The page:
- Fire everyone who had anything to do with the launch-debacle of the Surface tablet. I will keep the Surface tablet, get it finished, and then release it. 

So, to transform MS into a company that makes the kinds of tools and platforms I want for myself, this is where I'd begin.
Todd Hopkinson
Insanely Simple
I love this book - Insanely Simple.

Ken Segall is responsible for the 'i' in Apple's iMac. He's a creative director who worked with Steve Jobs at Apple and NeXT, in addition to a slew of experiences with Dell, Intel, and others, from which he shares a ton of anecdotes and experiential wisdom from the trenches.

I have this day-dream where I win a ticket to see one of Ken Segall's talks. Or better yet, he comes and speaks where I work!

Read a sneak peak of Insanely Simple here.
Todd Hopkinson
Bret Victor's Magic Ink
Bret Victor's Kill Math is a brilliant, human-centered perspective on approaching Mathematics (and calls to my mind Golan Levin's Secret Life of Numbers).

"We are no longer constrained by pencil and paper." - Bret Victor

Victor also wrote an essay/study called Magic Ink. I'm thrilled to have found this. It is brimming with insight.

I've never met Bret, but I can tell from his online portfolio that he is the kind of talent I would jump to work with and learn from. He is the polymathic sort whose work exhibits this wonderful multi-disciplined combination of the technical and the visual, woven together into this profound set of insights about how software can be made more effective and useful through visual design.
Todd Hopkinson
Microsoft's Apple Surface
I'm excited to see a potentially competitive tablet surface in Surface. But this video comparing the introduction of the iPad with the shameless script-scraping of Microsoft's surface introduction is pure comedy gold.

Todd Hopkinson
App River

The "App River" is a table of 120 interlinked iPads here on the second floor of the Moscone Center at WWDC2012. The "river" is a flow of apps moving along at a constant but relatively slow pace down a channel 4 iPads wide, from one end to the other about 30 iPads long. Each individual iPad contains 108 icons, making the whole river about 12,000+ apps icons visible at an overall glance. The apps are organized by hue, and each app icon flashes white when a download is registered. The total length of the river (including offscreen apps) is the top 20,000 apps on the app store.

You can interact with the flow in two ways. Running your finger across the face of the iPads will cause a ripple effect to emanate across the proximate icons giving a fluid-like disturbance effect. You can also tap individual icons to display an information pop-up that shows a graphical download indicator as well as the name and some other minor bits of info about the app.

This installation is probably worth at least $60,000 @ $500 per iPad.
Todd Hopkinson
WWDC 2012 Day One
iOS 6 looks amazing. OSX is a consistently satisfying update. The new MacBook Pro with Retina was a nice surprise and it looks very cool... (but I still prefer the MacBook Air's form factor). I dropped by the Apple store for hands on and they said tomorrow morning they'd have it.

The new Maps app looks stunningly good. Google suddenly has to go change its pants. Apple's Maps App surpasses any other map solution I've ever seen, and I used to work for Garmin. They've integrated Siri into the Maps app with turn-by-turn navigation. If it works in practice as well as it demoed, everyone will be thrilled with it - oh, except for Google.

Of particular interest to me is Passbook and the PassKit API. I think this meets some of the criteria for number 7 on my list - the iWallet. The name is different, but I think it is clear that this, or an iteration or two beyond this, is Apple's wallet, integrated right into iOS.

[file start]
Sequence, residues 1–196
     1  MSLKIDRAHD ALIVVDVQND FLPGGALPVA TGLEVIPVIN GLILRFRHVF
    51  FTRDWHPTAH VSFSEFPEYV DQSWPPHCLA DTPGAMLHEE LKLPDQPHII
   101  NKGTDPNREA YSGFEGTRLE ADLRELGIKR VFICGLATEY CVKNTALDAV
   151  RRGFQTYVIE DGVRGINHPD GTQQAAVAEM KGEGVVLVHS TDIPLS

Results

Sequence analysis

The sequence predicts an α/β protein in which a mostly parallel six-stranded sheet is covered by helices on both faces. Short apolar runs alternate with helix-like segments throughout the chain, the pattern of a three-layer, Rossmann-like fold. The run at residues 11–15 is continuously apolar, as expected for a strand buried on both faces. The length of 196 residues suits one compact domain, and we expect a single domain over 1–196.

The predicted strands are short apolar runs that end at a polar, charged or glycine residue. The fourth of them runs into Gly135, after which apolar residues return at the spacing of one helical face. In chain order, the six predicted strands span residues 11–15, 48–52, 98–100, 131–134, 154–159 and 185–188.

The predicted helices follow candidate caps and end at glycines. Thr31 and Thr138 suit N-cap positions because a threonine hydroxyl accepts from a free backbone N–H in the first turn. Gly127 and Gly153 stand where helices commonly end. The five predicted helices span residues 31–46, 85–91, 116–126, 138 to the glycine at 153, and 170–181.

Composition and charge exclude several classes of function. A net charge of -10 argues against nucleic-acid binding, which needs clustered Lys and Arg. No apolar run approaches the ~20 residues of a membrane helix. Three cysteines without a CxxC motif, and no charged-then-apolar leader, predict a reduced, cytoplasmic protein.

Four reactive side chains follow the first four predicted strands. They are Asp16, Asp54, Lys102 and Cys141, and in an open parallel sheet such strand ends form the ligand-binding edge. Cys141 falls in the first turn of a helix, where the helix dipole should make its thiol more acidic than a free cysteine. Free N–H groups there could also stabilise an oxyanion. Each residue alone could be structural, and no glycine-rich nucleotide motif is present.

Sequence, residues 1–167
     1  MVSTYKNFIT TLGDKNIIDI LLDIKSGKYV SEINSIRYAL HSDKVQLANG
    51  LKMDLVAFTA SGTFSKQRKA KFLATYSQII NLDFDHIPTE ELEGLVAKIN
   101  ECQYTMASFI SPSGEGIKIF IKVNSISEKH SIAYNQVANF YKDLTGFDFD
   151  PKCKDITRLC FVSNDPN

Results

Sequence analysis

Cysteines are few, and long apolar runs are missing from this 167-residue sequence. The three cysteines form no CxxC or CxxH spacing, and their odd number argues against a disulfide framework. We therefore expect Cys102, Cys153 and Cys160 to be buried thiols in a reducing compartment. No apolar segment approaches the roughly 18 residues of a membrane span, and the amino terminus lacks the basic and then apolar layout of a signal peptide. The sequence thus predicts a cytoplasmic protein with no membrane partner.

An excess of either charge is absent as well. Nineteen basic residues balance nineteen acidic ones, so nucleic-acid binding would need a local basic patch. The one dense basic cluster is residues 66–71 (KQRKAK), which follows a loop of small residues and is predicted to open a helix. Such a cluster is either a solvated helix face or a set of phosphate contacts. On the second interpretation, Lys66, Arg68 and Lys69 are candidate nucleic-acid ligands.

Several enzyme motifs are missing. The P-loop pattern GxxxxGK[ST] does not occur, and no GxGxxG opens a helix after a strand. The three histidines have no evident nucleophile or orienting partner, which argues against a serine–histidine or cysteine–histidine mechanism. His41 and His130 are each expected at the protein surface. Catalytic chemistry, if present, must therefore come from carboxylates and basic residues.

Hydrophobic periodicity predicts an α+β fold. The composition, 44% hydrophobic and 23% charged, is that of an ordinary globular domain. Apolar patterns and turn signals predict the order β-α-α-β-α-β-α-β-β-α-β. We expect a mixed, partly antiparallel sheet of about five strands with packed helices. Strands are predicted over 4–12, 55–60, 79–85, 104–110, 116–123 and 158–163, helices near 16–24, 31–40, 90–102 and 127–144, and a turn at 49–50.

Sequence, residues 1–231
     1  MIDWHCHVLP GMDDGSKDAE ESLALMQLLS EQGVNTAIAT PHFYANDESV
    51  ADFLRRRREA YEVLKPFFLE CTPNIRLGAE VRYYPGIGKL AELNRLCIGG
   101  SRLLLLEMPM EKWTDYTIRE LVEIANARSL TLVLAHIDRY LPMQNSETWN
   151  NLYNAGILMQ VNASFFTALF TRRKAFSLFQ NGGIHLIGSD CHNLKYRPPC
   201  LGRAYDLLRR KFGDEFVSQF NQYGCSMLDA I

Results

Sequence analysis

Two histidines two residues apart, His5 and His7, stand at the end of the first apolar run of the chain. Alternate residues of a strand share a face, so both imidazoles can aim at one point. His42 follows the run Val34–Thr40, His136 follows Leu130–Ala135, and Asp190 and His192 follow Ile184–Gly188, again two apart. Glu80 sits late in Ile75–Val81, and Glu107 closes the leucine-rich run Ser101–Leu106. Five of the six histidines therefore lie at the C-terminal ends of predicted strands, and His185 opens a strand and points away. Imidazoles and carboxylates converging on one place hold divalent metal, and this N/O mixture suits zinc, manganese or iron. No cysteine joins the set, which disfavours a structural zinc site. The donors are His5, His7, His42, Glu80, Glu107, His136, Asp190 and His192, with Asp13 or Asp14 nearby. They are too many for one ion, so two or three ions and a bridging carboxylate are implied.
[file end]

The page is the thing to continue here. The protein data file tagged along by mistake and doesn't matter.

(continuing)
I'm pleased with the following Xcode improvements (Xcode 4.5):
- the compiler will now automatically call @synthesize by default for unimplemented @properties
- Objective-C literals for things like NSArray and NSDictionary
- subscripting support for Objective-C container objects
Todd Hopkinson
Forecasting The WWDC 2012 Keynote
This year I'll be attending WWDC, so I think it will be fun to forecast what I suspect will happen.

So, here goes my forecast for the keynote...

Probable news at WWDC 2012:

1. iTV - Apple reveals a 32, 46, and 55 inch (I pulled these numbers out of thin air) flat panel television running a version of iOS, along with an App store that will allow users to download and run their iPhone and iPad apps in a specialty-render mode (the same way iPhone apps run on iPads), and will run iTV apps at the new native scale. It will begin selling this year in time for the holiday season, $999 and up. They will introduce a couple key Apple-made apps showing off some of their vision for the iTV. The resolution will be 1080p+.

2. iOS 6 - including Siri API, and Apple Maps API, and Facebook integration (akin to Twitter's).

3. The New iPhone will feature a new form factor that looks similar, but is longer and thinner. I believe the resolution will remain retina, at the new dimension, so icons and control graphics will not require developers to do much different in regards to graphics. They will continue to create retina images @2x scale. I do not see something like @3x images right now.

Plausible news at WWDC 2012:

4. iTV with Siri voice control (talk to the TV (or your remote device) to control it)

5. iTV runs iOS interface from the user's perspective, but behind the scenes it is a powerhouse hybrid of iOS and OSX and comes with the Steam App Store that lets you purchase and run full OSX games on the iTV, just like a console - control the games with any iOS device. The 3rd party game controller market goes berserk. Nintendo, Microsoft, and Sony collectively soil themselves June 11th.

6. Thunderbolt everywhere. Apple replace the 30 pin connector on iOS devices with the thunderbolt connector.

8. Enhanced speakers on iOS devices (This could be in the next version of the iPad, if not in the new iPhone at this WWDC).
Todd Hopkinson